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The Pushkin pass

There are two main roads north from Vanadzor, both of which continue to Georgia. The more westerly can be reached by heading west out of the city for about 6km along the main Gyumri road and then turning right. The present-day road avoids the Pushkin Pass (2,037m) by a 2km-long tunnel which has now been renovated and (dimly) lit. If driving, keep to the 40km/h speed limit in the tunnel: on two occasions when the author used it there were unlit obstructions blocking half the road. On one occasion a driver was changing a tyre on his lorry and the next time workmen were carrying out repairs.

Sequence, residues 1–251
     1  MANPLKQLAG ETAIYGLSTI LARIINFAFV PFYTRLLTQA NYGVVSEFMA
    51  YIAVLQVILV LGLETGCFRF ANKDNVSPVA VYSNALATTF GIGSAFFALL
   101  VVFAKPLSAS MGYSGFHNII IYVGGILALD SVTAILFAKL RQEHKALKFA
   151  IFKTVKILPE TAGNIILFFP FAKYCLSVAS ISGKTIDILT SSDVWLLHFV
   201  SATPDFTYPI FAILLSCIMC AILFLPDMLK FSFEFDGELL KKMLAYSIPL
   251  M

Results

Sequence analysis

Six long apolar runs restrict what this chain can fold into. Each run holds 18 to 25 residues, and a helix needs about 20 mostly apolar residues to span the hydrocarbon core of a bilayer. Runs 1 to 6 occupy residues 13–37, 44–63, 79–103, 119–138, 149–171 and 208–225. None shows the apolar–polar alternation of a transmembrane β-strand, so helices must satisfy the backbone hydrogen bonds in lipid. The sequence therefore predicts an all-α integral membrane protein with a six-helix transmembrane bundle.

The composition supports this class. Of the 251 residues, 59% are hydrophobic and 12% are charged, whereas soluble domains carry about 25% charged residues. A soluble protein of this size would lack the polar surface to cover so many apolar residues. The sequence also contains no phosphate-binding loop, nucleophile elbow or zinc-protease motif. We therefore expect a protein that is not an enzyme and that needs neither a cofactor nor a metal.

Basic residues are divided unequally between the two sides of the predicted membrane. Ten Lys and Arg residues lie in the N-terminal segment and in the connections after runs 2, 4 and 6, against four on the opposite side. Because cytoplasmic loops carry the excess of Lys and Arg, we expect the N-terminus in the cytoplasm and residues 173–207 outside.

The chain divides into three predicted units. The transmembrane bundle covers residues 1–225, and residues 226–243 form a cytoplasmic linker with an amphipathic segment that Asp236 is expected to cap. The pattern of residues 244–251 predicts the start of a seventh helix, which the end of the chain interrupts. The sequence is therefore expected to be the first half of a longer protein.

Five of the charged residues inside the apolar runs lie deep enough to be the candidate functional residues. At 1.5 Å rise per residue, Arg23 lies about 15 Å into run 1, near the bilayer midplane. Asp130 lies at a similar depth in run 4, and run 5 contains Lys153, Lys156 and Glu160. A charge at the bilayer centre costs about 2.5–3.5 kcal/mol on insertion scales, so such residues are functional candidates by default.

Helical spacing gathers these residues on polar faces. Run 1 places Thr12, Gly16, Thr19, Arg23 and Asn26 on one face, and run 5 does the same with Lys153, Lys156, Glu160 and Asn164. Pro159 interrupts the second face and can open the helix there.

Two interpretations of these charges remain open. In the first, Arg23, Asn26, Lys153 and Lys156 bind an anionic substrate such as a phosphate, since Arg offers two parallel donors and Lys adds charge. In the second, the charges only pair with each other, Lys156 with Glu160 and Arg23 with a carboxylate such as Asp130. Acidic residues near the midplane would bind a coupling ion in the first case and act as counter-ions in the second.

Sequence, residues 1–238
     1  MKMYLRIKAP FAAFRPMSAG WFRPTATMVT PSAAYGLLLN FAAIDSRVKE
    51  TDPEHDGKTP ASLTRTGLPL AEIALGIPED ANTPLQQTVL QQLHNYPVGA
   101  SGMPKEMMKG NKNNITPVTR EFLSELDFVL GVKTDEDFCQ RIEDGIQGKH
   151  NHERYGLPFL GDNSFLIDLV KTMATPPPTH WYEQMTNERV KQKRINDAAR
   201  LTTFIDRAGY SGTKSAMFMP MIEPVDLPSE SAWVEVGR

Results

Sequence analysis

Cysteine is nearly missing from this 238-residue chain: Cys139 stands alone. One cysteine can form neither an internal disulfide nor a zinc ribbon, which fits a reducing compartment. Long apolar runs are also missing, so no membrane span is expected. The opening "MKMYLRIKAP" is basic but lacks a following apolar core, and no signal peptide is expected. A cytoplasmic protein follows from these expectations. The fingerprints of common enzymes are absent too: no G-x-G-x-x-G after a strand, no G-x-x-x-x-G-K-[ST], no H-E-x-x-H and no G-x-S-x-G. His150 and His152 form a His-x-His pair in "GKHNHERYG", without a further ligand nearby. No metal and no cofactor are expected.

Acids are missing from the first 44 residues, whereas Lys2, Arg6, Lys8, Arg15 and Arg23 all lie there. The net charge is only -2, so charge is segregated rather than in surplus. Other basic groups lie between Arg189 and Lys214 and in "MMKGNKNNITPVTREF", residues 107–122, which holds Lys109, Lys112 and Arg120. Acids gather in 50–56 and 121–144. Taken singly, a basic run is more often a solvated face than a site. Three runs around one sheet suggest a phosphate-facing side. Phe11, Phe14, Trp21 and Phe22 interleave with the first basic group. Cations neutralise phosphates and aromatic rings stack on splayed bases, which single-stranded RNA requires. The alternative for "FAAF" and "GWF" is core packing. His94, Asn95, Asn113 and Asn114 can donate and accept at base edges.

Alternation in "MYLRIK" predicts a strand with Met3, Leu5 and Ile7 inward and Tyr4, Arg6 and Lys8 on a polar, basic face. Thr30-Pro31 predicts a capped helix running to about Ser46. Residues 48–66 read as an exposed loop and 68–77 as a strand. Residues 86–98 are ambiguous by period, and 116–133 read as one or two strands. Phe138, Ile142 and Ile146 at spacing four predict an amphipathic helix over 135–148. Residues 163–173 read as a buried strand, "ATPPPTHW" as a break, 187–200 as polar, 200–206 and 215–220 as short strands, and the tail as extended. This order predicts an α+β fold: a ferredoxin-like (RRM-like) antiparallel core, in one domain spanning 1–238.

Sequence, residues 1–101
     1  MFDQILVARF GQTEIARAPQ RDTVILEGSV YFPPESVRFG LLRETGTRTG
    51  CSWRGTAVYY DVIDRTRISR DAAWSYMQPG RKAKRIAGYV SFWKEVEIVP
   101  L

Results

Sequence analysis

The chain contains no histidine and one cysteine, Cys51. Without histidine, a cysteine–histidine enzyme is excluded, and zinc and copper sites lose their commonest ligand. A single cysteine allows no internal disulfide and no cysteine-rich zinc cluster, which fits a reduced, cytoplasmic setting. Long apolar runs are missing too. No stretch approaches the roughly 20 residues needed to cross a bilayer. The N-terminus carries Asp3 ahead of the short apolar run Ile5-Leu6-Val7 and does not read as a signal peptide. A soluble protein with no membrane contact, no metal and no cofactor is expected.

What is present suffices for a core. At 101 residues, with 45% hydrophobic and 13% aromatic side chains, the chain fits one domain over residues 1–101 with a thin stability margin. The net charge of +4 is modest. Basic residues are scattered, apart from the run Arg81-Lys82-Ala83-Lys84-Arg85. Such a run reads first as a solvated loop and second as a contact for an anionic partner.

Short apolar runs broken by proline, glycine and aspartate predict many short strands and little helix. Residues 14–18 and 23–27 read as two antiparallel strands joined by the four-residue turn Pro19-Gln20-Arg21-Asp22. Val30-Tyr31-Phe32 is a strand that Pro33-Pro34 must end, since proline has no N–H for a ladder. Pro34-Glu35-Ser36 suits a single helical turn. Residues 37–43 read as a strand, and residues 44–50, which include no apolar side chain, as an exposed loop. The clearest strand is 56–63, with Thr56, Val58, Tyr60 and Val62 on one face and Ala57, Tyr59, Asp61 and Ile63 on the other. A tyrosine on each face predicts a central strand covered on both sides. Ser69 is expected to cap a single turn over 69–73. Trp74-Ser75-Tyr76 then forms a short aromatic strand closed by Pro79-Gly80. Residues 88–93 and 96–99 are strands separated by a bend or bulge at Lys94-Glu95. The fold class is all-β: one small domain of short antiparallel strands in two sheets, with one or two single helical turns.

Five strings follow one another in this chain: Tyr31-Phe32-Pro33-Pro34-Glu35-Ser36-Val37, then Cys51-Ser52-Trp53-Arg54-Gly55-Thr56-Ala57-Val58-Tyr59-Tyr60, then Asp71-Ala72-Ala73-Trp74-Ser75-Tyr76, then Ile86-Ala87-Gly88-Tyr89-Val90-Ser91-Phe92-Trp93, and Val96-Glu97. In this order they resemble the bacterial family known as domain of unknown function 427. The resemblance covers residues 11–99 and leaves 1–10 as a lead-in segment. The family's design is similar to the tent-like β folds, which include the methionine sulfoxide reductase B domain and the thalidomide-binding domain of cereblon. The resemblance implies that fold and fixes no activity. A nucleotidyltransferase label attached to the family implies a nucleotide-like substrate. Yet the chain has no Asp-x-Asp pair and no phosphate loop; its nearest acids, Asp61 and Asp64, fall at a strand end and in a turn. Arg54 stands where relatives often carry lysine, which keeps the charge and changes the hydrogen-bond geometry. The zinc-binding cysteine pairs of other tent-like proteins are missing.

The pass gets its name from Pushkin who, on a visit to the Caucasus, met there in 1829 a cart carrying the body of Alexander Griboyedov (1795-1829) who had been killed in Persia, an incident described in Pushkin's Journey toErzrurum. Griboyedov, whom Pushkin knew well, was a satirical playwright whose best-known play, Woe from Wit (1824), was only performed and published posthumously - its hero is branded a lunatic when he arrives in Moscow full of liberal and progressive ideas, a dangerous practice there in either the Tsarist or the communist era. Griboyedov was also a diplomat and instrumental in Russia's peace negotiations with Turkey lollowing the war of 1828-29 when Russia gained control of much of Armenia. After that he was appointed Russia's ambassador to Persia. Russia's defeats of Turkey and Persia and its consequent territorial expansion were followed by a change of lack in Russia's foreign policy as it was now considered important to ensure that both Turkey and Persia nevertheless survived as significant powers. Russia feared that dissolution of either might lead to the possible appearance of other, stronger powers on its borders. Both states accepted Russian control of the Caucasus but while Griboyedov was in Teheran negotiating with Persia an angry mob stormed Ihe Russian embassy. His mangled body, barely recognisable, was being returned on ihe cart which Pushkin encountered.

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